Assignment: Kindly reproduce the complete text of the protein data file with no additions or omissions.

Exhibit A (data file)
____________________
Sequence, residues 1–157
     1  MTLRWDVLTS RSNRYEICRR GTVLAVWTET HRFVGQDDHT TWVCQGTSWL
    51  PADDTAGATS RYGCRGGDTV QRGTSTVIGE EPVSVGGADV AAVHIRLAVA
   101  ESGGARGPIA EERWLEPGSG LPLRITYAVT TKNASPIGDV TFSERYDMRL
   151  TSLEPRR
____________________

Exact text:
Sequence, residues 1–157
     1  MTLRWDVLTS RSNRYEICRR GTVLAVWTET HRFVGQDDHT TWVCQGTSWL
    51  PADDTAGATS RYGCRGGDTV QRGTSTVIGE EPVSVGGADV AAVHIRLAVA
   101  ESGGARGPIA EERWLEPGSG LPLRITYAVT TKNASPIGDV TFSERYDMRL
   151  TSLEPRR